Much of Day One in Alabama, a Thursday, was devoted to family history, first at the Montgomery County probate offices and later at the state archives.
It had been a while since I delved into my father’s side of the family. And, for some reason, I forgot to bring along some records I had gathered on my great-great grandfather, James. I knew this much, that he was born in 1802 and for much of his life resided somewhere in Montgomery County.
Probate wasn’t much help. I had hoped to find James’s will, if he had one, or some other records that might indicate where his property once layed. The clerk, “Sheilah,” disappeared in a backroom and emerged to tell me it would be difficult to find records without more information from me. No name indexes at all, she said. So I walked up the street a few blocks to Archives.
On the way, I stopped to take a few photographs. I had noticed earlier a building at a corner with a sign etched in a nearby wall, “Southern Poverty Law Center.” The SPLC brings lawsuits against the actions of hate groups like the Ku Klux Klan and other white supremacist organizations. I have been a member now for a number of years. The SPLC’s co-founder and leader, Morris Drees, has had his life threatened many times and the building is under tight security. My presence and camera soon drew attention. A security guard came to stand at a corner across from where I was unloading my long lens. Soon another guard appeared on the opposite side of the street and then out came a third man in plain clothes that I assumed to be the security supervisor. All three kept their distance but it was obivous I was being surveiled. I took a few photos and left without incident.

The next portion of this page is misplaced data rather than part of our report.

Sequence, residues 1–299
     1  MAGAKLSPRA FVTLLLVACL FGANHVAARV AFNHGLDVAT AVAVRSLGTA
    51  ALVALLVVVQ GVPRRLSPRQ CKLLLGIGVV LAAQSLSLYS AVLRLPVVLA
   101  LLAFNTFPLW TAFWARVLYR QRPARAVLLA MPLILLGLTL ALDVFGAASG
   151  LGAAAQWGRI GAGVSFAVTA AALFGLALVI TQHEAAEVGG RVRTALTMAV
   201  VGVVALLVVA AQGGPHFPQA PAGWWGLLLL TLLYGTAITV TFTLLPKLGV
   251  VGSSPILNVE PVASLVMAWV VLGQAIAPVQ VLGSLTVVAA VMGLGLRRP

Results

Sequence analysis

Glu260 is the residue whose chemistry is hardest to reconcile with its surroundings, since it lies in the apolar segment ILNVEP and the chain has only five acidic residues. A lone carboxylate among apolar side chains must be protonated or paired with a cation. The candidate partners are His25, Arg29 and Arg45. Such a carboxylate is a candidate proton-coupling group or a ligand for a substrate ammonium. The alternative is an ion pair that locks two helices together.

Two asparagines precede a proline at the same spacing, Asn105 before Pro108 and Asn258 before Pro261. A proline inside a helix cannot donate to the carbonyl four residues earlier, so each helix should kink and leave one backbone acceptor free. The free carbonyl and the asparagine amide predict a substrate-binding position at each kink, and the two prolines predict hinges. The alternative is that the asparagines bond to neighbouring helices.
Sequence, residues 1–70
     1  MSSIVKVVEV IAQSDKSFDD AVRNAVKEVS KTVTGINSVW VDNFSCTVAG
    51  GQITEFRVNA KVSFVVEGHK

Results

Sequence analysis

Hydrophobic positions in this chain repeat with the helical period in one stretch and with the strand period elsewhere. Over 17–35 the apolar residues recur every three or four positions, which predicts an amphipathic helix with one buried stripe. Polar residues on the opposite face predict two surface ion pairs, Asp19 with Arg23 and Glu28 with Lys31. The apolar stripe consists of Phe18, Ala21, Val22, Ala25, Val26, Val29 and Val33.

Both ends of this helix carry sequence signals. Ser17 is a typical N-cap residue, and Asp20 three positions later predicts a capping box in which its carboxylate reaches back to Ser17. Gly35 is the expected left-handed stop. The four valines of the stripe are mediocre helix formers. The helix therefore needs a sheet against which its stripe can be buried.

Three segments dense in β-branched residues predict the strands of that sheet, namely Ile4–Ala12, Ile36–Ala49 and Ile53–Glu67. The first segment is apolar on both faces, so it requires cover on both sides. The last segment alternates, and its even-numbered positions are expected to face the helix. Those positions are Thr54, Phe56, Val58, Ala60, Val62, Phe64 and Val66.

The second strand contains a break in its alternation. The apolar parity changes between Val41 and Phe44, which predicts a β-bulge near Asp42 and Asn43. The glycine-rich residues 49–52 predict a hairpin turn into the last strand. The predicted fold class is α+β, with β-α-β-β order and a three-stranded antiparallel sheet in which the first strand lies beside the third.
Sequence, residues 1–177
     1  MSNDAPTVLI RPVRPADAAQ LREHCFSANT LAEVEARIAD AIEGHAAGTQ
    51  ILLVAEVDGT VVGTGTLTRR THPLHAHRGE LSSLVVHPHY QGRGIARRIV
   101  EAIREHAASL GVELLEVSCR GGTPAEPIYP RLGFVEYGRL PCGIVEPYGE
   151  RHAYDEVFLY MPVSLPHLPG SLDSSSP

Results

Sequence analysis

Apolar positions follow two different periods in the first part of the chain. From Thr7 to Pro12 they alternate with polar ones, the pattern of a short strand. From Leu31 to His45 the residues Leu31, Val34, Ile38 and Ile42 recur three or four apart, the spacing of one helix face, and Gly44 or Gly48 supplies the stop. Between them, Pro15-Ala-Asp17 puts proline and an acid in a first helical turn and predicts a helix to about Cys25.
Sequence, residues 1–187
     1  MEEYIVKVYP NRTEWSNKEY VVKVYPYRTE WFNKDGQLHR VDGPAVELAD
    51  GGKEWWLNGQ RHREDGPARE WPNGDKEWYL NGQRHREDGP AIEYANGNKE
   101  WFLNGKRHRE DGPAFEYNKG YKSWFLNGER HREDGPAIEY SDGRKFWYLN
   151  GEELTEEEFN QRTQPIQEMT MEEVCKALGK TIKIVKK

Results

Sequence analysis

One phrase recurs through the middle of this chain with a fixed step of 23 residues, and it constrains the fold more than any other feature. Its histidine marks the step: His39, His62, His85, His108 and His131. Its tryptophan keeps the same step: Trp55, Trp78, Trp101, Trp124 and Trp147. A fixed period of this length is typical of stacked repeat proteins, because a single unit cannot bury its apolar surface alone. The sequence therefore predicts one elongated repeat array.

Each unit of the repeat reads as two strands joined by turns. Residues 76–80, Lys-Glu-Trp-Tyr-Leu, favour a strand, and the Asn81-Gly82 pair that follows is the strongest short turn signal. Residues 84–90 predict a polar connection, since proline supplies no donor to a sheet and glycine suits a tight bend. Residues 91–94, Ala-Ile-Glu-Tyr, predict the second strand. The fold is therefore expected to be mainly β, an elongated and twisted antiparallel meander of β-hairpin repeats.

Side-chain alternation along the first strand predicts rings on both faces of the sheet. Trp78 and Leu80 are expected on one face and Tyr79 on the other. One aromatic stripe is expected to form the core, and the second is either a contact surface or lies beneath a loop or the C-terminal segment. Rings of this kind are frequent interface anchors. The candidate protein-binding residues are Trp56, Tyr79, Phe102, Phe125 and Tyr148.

At Archives, I pored over numerous Montgomery County indexes. They covered the waterfront. Marriages, deaths, cemeteries, census records. I found little I didn’t already know. Shortly before closing at 4:30, I discovered in yet another index that James had left a will and it had gone to probate in 1857. In short order, I found a microfilm copy of the will and made a copy of it. Unfortunately, the will did not disclose the location of the land. One of my goals in Alabama was to set foot on the land he owned almost 200 years ago.
Just as I prepared to leave, a clerk suggested a website. Since most of the land in Alabama was originally owned by the federal government, she told me I should go to the Bureau of Land Management site at glorecords.blm.gov/detail/patent and do a search for James.
That evening back at the motel, I did as suggested and, lo and behold, found James’s land, purchased in 1837. Not only did it provide details of where the land was but provided a proactive map.
I was sure then that tomorrow I would be standing on James’s land southeast of Montgomery near a community known as Pine Level.